Chia seeds are a rich source of the B vitamins thiamine and niacin and are a rich source of the dietary minerals calcium, iron, magnesium, manganese, phosphorus, and zinc. Chia seeds are also a good source of the B vitamins riboflavin and folate.
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|Country of Origin||Paraguay|
Salvia hispanica, commonly known as chia, is a species of flowering plant in the mint family, Lamiaceae, native to central and southern Mexico and Guatemala. The 16th-century Codex Mendoza provides evidence that it was cultivated by the Aztec in pre-Columbian times; economic historians have suggested it was as important as maize as a food crop. Ground or whole chia seeds are still used in Paraguay, Bolivia, Argentina, Mexico and Guatemala for nutritious drinks and as a food source.
Nutrient content and food uses:
Chia seeds are a rich source of the B vitamins thiamine and niacin, and are a rich source of the dietary minerals calcium, iron, magnesium, manganese, phosphorus, and zinc. Chia seeds are also a good source of the B vitamins riboflavin and folate.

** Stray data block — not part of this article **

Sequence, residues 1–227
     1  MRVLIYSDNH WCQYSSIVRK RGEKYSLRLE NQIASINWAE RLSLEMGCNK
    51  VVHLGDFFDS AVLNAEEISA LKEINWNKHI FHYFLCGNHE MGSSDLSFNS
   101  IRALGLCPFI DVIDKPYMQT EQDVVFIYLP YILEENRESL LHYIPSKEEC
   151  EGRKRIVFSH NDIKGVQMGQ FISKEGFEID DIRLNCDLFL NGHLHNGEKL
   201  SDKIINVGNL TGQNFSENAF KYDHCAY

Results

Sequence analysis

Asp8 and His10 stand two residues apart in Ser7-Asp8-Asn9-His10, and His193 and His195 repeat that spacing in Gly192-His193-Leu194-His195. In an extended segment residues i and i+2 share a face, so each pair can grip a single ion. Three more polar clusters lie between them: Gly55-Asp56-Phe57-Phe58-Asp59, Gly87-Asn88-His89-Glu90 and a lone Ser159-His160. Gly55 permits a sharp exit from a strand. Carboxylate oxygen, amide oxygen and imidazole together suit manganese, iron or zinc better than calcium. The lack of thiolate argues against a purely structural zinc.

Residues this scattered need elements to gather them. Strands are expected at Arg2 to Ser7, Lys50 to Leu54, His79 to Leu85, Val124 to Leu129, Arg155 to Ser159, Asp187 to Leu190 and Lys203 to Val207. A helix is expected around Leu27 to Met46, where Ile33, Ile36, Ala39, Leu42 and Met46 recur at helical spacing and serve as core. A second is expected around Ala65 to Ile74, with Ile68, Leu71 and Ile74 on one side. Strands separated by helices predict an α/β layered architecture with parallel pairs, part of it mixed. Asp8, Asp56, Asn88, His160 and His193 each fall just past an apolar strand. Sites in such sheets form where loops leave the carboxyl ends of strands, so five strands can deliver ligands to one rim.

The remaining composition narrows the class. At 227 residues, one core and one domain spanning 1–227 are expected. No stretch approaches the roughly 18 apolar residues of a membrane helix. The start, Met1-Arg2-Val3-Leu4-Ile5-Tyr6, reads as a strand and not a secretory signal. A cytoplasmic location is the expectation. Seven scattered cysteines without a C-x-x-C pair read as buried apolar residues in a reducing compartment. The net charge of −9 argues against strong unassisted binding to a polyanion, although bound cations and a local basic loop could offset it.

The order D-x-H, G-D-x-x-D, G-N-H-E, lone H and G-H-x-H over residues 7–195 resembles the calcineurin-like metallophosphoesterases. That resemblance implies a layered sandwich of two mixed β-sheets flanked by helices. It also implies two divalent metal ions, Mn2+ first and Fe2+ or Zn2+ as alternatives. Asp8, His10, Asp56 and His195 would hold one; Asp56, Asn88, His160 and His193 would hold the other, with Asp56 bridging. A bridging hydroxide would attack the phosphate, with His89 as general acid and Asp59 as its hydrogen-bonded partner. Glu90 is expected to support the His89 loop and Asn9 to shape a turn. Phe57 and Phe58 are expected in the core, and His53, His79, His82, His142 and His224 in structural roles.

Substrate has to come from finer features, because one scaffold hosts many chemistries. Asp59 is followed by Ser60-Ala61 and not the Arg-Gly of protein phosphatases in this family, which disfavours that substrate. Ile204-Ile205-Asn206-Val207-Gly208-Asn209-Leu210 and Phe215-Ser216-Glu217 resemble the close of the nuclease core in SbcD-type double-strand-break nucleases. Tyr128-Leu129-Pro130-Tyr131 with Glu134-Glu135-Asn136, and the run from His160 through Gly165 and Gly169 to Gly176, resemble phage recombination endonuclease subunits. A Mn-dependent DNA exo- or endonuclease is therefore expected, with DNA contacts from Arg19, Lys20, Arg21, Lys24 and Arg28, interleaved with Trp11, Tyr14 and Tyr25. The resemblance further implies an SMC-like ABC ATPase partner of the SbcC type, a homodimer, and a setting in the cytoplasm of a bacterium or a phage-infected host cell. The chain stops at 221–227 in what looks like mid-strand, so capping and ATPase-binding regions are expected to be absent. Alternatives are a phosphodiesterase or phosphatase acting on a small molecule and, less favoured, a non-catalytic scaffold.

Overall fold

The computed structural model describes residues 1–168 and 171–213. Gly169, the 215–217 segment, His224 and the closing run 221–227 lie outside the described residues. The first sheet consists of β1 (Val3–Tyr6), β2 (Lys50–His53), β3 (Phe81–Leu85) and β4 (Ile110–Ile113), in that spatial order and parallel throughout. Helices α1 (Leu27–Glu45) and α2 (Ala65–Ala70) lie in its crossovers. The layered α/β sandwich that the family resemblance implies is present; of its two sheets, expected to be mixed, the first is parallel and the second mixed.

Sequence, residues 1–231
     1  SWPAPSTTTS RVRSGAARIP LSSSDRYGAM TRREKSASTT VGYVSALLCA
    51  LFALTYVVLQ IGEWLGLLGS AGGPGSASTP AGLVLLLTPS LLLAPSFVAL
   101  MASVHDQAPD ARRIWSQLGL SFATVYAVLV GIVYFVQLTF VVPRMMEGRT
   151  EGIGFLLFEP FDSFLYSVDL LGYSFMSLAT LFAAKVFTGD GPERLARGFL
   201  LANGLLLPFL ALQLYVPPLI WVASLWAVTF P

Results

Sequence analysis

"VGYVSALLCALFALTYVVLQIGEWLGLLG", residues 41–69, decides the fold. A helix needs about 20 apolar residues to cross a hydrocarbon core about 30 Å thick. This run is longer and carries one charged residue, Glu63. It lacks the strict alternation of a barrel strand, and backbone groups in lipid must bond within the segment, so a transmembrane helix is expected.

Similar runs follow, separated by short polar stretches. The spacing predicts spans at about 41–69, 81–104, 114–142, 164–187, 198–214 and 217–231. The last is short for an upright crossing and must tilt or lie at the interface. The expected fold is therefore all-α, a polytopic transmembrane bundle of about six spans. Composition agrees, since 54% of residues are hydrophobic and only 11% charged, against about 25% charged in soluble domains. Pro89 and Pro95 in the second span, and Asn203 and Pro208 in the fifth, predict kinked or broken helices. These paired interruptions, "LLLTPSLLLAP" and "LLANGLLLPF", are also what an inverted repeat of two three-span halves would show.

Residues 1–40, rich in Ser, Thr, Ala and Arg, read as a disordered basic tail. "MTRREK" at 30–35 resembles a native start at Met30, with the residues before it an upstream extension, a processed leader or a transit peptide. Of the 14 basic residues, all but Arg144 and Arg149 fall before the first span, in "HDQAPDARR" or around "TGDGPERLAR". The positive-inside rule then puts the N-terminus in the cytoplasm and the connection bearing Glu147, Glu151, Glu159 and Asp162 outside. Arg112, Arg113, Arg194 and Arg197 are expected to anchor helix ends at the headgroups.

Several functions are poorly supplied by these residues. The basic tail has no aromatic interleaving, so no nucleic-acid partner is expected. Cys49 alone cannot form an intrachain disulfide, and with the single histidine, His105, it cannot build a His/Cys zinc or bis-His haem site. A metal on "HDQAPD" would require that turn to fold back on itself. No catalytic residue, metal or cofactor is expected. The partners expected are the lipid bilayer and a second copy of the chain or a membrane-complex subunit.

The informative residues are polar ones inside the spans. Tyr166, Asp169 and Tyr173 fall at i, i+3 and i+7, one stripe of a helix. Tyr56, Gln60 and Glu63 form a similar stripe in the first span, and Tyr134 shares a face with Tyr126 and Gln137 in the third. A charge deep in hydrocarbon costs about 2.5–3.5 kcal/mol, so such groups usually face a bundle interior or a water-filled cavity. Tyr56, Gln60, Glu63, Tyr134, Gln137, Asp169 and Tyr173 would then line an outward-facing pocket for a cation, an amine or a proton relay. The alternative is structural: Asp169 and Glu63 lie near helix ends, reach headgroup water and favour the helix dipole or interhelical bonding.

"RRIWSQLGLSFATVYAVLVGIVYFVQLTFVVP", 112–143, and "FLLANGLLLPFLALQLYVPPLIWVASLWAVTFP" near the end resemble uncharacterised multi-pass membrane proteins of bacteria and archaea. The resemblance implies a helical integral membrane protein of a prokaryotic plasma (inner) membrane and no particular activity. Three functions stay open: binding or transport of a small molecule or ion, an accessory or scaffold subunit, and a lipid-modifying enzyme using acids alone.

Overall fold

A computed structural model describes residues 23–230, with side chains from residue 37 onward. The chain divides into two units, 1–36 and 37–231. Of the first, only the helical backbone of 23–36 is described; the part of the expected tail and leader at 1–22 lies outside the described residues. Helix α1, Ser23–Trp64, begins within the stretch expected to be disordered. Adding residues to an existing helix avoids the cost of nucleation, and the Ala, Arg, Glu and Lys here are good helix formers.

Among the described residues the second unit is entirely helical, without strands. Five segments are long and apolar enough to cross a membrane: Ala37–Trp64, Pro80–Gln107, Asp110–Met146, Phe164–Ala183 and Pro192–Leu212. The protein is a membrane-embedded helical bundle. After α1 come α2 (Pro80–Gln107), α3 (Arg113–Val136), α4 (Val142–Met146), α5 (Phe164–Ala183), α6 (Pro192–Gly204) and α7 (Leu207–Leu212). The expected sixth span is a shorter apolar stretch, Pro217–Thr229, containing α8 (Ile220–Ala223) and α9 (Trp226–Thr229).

In 2009, the European Union approved chia seeds as a novel food, allowing up to 5% of a bread product's total matter.
Chia seeds may be added to other foods as a topping or put into smoothies, breakfast cereals, energy bars, granola bars, yoghurt, tortillas, bread, made into a gelatin-like substance or consumed raw. The gel can be used to replace as much as 25% of egg content and oil in cakes while providing other nutrients.
No dietary supplements, including this product, are aimed for children and should only be used by adults to complement a varied, balanced diet and active lifestyle.
Store in a cool, dry place, out of direct sunlight. Keep out of reach of children.
If you are pregnant, breastfeeding or taking any medications, please consult a doctor before use.
Discontinue use and consult a doctor if adverse reactions occur.
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